We went to our annual camping spot for 2 weeks earlier this month. We always used to go there for 2 weeks when I was growing up, and we've reinstated it a few years ago for the sake of our kids. With all the stuff we bring, it's good to set it all out and then not to have to clean it all up for a while. But now that I'm all grown up, I think 7-10 days is plenty of time to live in a tent, without a shower (OK, there are showers available, but for $5 for an 8 minute shower, I'd rather wash in a cold spicate or jump in the lake), and having to rummage daily through a soggy ice chest where things are always moving and floating around in melted ice. My sisters and their families came up also, but just stayed 5 and 10 days. My brother rode up with dad in the VW vanagon and stayed the whole 2 weeks with us. It's unusual because he's sort shuns family events in general, but being unemployed for the last few months, he's got time and apparently will to hang with family. Plus he LOVES fishing and probably sees this an excellent opportunity to catch lots of trout--which he did! And we ate it up, cooked over the camp fire, YUM! The bad part was from the very first day, he was sick with a bad head ache that progressed into a big nasty cough that just worsened the head aches. By the end of the 2 weeks, he was barely able to breathe. (And T and L's niece also caught the bug by the trip's end) I gave him inhalers (that I brought for T, who thankfully didn't need them) for the 3 hour ride home, but it only helped minimally. The day after we got home (of course he refused to go to the county hospital right away), my mom took him to the emergency room at the county hospital (no job, no health insurance!). They diagnosed him with pneumonia. But not just any pneumonia--something much worse from the way the Xray of his lungs looked. He was put in isolation for a few days while the IV meds did their magic. R (my brother) felt incarcerated. Nothing on TV (they only get a few channels and they rest is educational video loops in several languages), no other patients in his room and no access to all the comforts of home. Mom came to visit a couple of times to bring him "real food" but then she fell ill with the same crap R was dealing with. The doctors were also very interested in a bite he got on his ankle the first day of camping. They suspected it was a tick that might have added to the severity of the illness. Who knows for sure. After 5 days in the hospital they discharged him. I picked him up (mom wanted to but was unable to stand without feeling dizzy at that point). T and I went to pick him up and I've never seen him happier to see us! He kept breathing in the "fresh air" and was truly appreciative of the trees and breeze around him. Wow. Must have been torture in that hospital. And I bet it was with all the TESTS they ran. Including a lumbar spinal puncture. Yikes. As far as I can tell from the info R tells me, all was clear except for the lung issue, his thyroid being a bit off (not a surprise since he's always has a goiter) and of course being terribly over weight. And his BP was elevated too (but that can be reversed once the excess weight is shed). One of the big reasons he was willing to see the doctor and go through all of these tests was because on coming home from camping his room mate's 2 year old son was diagnosed with Hodgkin's lymphoma. And he showed no symptoms aside from a slight grunting noise and the lump on his body they thought was a fire ant bite. If that kid had cancer with just those symptoms, what god-awful thing might he have with all the symptoms he was dealing with??!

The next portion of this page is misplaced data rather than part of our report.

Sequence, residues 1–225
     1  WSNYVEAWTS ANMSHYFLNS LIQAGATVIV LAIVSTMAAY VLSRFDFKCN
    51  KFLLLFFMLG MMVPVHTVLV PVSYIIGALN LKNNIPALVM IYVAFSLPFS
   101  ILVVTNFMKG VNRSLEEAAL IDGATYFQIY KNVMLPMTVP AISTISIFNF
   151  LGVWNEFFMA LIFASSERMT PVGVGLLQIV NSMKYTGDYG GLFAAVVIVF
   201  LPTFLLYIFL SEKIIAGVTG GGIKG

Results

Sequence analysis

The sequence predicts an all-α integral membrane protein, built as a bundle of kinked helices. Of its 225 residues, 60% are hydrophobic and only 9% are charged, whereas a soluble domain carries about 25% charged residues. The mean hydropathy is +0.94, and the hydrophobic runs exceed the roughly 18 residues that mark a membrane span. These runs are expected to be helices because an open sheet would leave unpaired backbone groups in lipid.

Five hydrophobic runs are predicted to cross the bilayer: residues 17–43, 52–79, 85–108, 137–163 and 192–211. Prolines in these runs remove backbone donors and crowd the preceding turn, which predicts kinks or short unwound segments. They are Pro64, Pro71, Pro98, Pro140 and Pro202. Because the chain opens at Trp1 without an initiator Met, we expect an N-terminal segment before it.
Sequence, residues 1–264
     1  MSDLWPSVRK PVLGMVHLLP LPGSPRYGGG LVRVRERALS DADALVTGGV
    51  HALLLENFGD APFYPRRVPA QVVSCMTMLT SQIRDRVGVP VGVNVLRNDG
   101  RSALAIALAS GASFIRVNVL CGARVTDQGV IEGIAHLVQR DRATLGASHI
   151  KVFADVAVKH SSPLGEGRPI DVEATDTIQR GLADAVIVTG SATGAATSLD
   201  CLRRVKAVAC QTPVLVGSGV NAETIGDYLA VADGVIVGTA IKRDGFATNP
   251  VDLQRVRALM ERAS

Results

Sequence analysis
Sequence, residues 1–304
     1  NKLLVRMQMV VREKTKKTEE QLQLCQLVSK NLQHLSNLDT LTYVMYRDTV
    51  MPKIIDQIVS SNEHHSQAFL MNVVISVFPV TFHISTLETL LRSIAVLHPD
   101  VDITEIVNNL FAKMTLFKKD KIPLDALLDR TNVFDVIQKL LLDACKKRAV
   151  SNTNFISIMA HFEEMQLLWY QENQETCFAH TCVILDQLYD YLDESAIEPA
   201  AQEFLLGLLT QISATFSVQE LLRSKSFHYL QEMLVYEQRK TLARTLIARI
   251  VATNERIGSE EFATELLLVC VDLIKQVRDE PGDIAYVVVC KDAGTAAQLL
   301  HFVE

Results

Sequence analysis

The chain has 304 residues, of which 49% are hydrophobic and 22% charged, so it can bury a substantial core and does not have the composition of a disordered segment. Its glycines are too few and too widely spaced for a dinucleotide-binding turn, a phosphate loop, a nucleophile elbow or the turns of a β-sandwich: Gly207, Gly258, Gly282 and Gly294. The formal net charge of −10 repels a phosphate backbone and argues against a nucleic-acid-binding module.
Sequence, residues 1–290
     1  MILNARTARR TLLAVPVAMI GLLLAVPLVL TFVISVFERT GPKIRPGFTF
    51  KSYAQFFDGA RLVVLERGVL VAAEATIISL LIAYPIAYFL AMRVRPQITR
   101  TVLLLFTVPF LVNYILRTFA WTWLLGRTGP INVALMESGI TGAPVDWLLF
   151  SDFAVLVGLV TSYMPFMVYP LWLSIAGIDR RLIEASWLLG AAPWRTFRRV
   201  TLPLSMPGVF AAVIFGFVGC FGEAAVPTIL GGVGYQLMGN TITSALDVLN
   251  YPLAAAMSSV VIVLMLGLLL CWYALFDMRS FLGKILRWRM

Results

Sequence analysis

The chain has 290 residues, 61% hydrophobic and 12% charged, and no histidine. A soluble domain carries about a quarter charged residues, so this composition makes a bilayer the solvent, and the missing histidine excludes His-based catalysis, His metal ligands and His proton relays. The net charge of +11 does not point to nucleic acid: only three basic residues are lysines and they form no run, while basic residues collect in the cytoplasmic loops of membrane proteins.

The little boy is on chemo and with lots of luck and prayers we hope he will be fine after treatment. Man, life can change in an instant. It's good to be reminded of that from time to time.